He couldn’t wait to tell her the joke. It was an old joke, for sure, and he didn’t know what had made him think of it just now, but it was a good one. He had even chuckled out loud while standing in line to pick up a package from the post office. (It was a book, if you must know. Which one? The latest Harry Potter book. Happy now?)
He had repeated the joke in his head during his twenty-minute walk from the post office to their house so that he wouldn’t forget it. The walk home was a twenty-minute walk, which was annoying, especially now, when he was in a hurry to get there. It was always a little annoying because twenty minutes wasn’t not long enough to justify waiting for the bus, but it was still a bit of a hike, he thought.
The average bus wait was 24 minutes, he had spent six months making observations two years earlier, and the bus timetables hadn’t changed since.
Sometimes, though, when he was in the middle of a great book, he waited for the bus because it made his trip home longer.
This time, though, the joke trumped the new Harry Potter, so he walked. And he walked briskly, without the walk ever turning into a run. No, running was not for him.
When he turned the last corner and saw his house, he told the joke to himself one last time, as a dry run, a dress rehearsal. He couldn’t wait to tell it to her but he wanted to make sure he’d get it just right.
When he opened the front door, he didn’t see any lights on in the kitchen so he kicked off his shoes and walked into the living room still wearing his baseball cap and a hoodie. And there she was, cuddled up in the corner of the sofa.
“Hey,” he said.
“Mm-hm,” was her reply.
“Hey, whatcha doin’?”
She waved the book in her hand but didn’t lift here eyes from it.
“Reading?” he said without knowing why.
“Well, what do you think I’m doing, holding a book and all.”
“Hey, wanna put that book away for a second?”
“I have a joke.”
“Wanna hear it? It’s good. Really good.”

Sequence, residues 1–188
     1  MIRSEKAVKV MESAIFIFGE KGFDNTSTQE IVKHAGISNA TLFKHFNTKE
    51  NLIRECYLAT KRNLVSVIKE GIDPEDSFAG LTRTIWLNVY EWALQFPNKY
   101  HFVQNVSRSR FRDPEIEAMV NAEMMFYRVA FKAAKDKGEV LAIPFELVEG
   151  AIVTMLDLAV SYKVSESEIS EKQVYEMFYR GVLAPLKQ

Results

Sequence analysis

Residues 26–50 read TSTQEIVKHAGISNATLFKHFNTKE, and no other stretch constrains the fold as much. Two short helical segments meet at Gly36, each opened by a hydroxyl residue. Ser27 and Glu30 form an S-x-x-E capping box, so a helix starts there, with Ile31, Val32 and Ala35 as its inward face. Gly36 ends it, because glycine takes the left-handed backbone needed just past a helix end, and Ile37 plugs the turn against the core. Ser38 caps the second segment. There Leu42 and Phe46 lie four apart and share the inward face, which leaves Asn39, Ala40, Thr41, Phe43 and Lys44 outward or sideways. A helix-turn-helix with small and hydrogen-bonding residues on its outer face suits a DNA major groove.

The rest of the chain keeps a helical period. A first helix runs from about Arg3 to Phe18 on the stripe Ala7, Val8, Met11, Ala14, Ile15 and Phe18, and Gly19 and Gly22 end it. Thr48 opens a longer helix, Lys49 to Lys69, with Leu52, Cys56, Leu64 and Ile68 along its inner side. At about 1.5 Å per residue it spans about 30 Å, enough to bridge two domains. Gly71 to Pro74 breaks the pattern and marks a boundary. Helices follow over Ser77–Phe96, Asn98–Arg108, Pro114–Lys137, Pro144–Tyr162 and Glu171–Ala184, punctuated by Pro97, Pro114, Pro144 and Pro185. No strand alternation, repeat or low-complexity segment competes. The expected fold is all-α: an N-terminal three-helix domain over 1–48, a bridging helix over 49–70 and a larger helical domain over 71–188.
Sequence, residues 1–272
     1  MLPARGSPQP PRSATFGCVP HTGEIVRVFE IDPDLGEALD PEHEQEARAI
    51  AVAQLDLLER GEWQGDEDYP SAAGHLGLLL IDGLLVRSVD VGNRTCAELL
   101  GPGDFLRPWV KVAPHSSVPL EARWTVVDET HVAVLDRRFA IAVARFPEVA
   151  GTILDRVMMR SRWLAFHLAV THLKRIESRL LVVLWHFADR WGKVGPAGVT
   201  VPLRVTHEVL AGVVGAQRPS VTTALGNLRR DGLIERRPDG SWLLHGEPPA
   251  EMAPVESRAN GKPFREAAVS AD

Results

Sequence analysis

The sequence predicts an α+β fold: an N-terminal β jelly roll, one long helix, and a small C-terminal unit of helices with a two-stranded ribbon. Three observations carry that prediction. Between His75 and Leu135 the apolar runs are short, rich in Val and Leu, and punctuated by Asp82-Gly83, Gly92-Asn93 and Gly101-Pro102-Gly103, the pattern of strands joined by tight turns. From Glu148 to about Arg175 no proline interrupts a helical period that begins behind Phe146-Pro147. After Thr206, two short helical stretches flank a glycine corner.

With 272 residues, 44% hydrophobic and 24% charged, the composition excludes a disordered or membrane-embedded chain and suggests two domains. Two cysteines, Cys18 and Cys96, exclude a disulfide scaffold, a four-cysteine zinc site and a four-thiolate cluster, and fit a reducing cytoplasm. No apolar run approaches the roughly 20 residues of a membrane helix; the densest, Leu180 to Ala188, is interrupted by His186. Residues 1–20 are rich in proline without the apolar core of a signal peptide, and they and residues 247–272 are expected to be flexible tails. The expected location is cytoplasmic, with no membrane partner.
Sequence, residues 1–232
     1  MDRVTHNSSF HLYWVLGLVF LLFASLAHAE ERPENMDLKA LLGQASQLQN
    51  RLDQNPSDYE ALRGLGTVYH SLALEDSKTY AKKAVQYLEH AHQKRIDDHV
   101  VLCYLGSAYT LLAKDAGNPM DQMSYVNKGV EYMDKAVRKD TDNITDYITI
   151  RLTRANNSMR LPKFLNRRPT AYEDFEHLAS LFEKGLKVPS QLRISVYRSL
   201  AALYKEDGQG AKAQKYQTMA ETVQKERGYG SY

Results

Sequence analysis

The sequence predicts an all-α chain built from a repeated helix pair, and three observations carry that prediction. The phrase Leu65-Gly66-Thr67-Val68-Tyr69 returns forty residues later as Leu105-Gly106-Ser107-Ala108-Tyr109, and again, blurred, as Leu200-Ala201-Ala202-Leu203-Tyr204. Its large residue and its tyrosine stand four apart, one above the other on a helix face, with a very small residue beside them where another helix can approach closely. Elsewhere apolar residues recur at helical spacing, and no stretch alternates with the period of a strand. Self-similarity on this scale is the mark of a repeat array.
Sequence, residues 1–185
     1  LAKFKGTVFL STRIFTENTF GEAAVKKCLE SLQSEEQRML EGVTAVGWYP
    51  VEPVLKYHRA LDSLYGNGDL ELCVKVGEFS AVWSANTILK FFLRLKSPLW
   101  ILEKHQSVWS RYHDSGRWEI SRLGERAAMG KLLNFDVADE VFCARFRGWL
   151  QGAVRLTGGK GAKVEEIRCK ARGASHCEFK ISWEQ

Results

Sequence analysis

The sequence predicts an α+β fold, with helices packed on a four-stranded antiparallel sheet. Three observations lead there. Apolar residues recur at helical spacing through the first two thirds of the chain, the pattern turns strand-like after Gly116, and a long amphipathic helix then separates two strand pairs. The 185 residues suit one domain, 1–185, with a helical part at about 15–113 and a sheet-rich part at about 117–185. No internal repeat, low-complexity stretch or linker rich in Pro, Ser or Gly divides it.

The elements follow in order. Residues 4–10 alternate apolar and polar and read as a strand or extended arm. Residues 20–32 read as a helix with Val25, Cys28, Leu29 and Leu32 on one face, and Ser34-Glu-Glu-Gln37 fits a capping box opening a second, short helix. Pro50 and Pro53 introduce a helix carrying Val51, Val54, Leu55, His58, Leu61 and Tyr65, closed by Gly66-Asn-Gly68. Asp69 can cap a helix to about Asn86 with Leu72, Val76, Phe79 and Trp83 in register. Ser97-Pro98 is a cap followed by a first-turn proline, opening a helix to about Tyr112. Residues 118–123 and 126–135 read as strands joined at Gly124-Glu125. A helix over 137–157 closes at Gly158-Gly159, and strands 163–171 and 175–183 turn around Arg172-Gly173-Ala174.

“So is this book. You know. Really, really good. Twice as really good as yours.”
“Hah, that was a good one. But seriously, can I tell you the joke now? It’s an old one, though, but it just popped into my head for no reason.”
She didn’t say anything. He took off his baseball cap and threw it on the table.
“OK, here goes,” he said. “It’s my all-time favorite joke. A Hall of Famer. The GOAT.”
She kept on reading and still said nothing. He cleared his throat and then spread his arms, as if to say “ta-dah”. But he didn’t say ta-dah.
“Krhm, do you know the difference between ignorance and apathy?”
“Honey?” he said.
She put the book aside and looked at him.
“Baby, now’s not the right time, I really want to finish this book. I’m in the middle of a big reveal.”
“This will only take a second, though. Do you know the difference between ignorance and apathy?”
She covered her face with her hands and shook her head in frustration.
“Honey, I don’t know – and I don’t care!” she said and picked up her book again.
“Oh, you’d heard it before,” he said and walked back to the hall to hang up his hoodie. He chuckled to himself.
Who cares? No one’s talking anyway
Who cares? Won’t the problem go away
Who cares? Change the channel, stare and sit
Who cares? Does anybody give a shit?
Huey Lewis & The News — “Who cares?”
This is a part of an ongoing series of stories, mostly flash fiction, inspired by 80s pop songs. You can find them all here.